Back in kindergarten, arts and crafts were a daily staple — with a noodle necklace Mom and a handprint turkey for Dad. But as students grew older, and other hobbies take precedence, arts and crafts tend to fall by the wayside.
For a select few though, crafting stays an important part of their lives, even in college. These are the people the Cal Poly Craft Center is looking to feature with its upcoming Fall Craft sale, taking place Nov. 5 to 7 in the University Union (UU) Plaza.
At the fair, Cal Poly students can purchase jewelry, pottery, artwork and many other crafts — most made by Cal Poly students in the Craft Center.
Craft Center program coordinator Daren Connor, who has worked at 38 Cal Poly craft sales (both spring and fall), said each year, from fire-worked glass lamps to insect shaped paperweights, the crafts available at the fair surprise him. One of his favorites, though, was a few years prior when a student sold sterling silver jewelry she made using a technique her grandfather perfected 30 years ago.
“It was neat that this young person was closely tied to her grandfather, and brought that craft to the craft fair,” Connor said.
Connor said the chance to feature students and their specialized crafts that otherwise wouldn’t be seen is one of the main reasons the center puts on the event each year.
“Our principle focus is to promote student artists,” Connor said. “It’s an event where student artists get to sell to student passerby if you will.”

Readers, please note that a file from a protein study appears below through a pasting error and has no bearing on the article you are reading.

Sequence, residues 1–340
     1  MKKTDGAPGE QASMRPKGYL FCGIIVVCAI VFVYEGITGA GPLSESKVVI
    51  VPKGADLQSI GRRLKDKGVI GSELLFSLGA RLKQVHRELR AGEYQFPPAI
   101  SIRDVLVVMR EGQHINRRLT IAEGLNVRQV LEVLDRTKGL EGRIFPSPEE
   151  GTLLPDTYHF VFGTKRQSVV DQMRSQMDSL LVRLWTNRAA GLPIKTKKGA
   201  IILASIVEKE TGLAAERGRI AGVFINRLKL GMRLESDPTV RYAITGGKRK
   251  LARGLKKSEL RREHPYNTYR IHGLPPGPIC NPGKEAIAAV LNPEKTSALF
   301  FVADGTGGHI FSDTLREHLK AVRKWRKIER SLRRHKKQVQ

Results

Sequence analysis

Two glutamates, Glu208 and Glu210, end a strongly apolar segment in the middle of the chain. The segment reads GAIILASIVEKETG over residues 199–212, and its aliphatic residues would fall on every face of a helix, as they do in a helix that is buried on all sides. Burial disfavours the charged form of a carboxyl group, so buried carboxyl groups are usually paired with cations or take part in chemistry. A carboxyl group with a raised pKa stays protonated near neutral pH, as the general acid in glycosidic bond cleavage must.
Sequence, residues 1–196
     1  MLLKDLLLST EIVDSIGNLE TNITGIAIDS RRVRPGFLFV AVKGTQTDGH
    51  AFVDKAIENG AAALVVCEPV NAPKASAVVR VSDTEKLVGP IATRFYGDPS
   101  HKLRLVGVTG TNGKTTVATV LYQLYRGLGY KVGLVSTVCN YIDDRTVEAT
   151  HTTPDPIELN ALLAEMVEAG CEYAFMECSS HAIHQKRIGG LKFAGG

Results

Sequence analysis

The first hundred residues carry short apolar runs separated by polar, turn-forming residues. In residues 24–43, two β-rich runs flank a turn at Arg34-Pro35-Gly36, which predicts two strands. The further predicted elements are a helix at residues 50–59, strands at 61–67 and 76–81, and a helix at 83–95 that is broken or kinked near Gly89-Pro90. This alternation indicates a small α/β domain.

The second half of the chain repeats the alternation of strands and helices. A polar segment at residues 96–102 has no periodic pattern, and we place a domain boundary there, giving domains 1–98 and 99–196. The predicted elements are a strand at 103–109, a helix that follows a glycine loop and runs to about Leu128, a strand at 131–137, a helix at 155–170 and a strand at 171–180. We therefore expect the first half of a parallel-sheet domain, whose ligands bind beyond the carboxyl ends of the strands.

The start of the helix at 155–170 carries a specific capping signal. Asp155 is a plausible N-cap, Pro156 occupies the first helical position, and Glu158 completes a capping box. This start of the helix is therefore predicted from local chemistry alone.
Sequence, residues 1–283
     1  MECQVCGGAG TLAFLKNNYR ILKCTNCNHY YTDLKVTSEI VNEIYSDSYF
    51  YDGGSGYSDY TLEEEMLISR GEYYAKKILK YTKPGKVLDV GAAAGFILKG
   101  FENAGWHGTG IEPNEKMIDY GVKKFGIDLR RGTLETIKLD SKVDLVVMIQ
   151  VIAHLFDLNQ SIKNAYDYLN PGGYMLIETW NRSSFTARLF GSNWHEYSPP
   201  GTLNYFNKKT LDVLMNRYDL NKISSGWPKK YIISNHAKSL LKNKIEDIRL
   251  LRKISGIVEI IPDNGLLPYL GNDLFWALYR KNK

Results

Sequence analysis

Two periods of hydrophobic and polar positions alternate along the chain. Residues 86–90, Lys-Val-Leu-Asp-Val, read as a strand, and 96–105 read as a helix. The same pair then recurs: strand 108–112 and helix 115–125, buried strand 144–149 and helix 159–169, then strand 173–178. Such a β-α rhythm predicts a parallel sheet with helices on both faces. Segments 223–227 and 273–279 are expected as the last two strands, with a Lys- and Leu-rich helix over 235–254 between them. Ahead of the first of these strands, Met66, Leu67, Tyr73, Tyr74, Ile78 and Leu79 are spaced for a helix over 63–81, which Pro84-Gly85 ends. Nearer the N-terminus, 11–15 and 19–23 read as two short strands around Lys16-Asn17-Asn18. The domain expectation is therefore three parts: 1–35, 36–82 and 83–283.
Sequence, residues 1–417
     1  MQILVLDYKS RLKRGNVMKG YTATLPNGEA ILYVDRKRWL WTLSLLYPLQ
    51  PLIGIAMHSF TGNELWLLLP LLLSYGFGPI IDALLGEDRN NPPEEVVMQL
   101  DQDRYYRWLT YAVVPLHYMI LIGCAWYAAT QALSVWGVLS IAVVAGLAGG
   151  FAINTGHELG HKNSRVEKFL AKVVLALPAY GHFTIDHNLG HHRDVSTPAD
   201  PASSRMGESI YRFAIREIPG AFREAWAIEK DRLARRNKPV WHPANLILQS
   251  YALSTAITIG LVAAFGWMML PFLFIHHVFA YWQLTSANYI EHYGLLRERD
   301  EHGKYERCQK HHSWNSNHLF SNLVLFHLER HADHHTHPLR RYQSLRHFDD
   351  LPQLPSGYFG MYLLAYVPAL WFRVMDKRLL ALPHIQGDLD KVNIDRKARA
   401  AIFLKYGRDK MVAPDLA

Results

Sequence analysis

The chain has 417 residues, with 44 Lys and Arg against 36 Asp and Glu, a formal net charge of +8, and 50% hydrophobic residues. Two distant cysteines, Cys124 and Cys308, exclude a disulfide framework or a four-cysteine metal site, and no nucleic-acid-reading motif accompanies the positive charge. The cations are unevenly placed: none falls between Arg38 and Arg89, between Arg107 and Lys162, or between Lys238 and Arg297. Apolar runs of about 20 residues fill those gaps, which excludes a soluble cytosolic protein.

The Craft Sale, which takes place in front of the University Store (formerly El Corral Bookstore), has helped students sell their crafts since the mid ’80s, according to Connor. Since that time, the Craft Center has seen that the fair works best when it has more students than outside vendors, though outside vendors are still allowed, Connor said. He said these outside vendors tend to be connected to Cal Poly in some way, either through marriage to faculty members or oftentimes alumni.
“Most people become familiar (with the Sale) as students,” Connor said. “Then they come back later once they’ve graduated to sell their crafts.”
Student manager Dominic Picetti, who was in charge of approving vendors, said this year’s event will have plenty of vendors.
“(The requirement to sell) is they have to hand-make their crafts,” Picetti said. “We have anything, from 20 to 25 spots, and its a first-come, first-serve basis.”
Students can expect to see a “plethora of jewelry and pottery,” Picetti said. As well as silk-screened T-shirts, hair accessories, photography and prints, hand-woven beanies and some leather goods.
For Picetti though, one of the major drawing points of the event is that students can buy all their holiday gifts in one place.
“You can find all your Christmas gifts there — I have. Or Hanukkah or any holiday gifts you need,” Picetti said.
The Fall Craft Sale will take place from Nov. 5 to 7, from 9:45 a.m. to 4:15 p.m., in front of the University Store. Students can purchase products with cash, check or credit card.
Kaytlyn Leslie contributed to this article.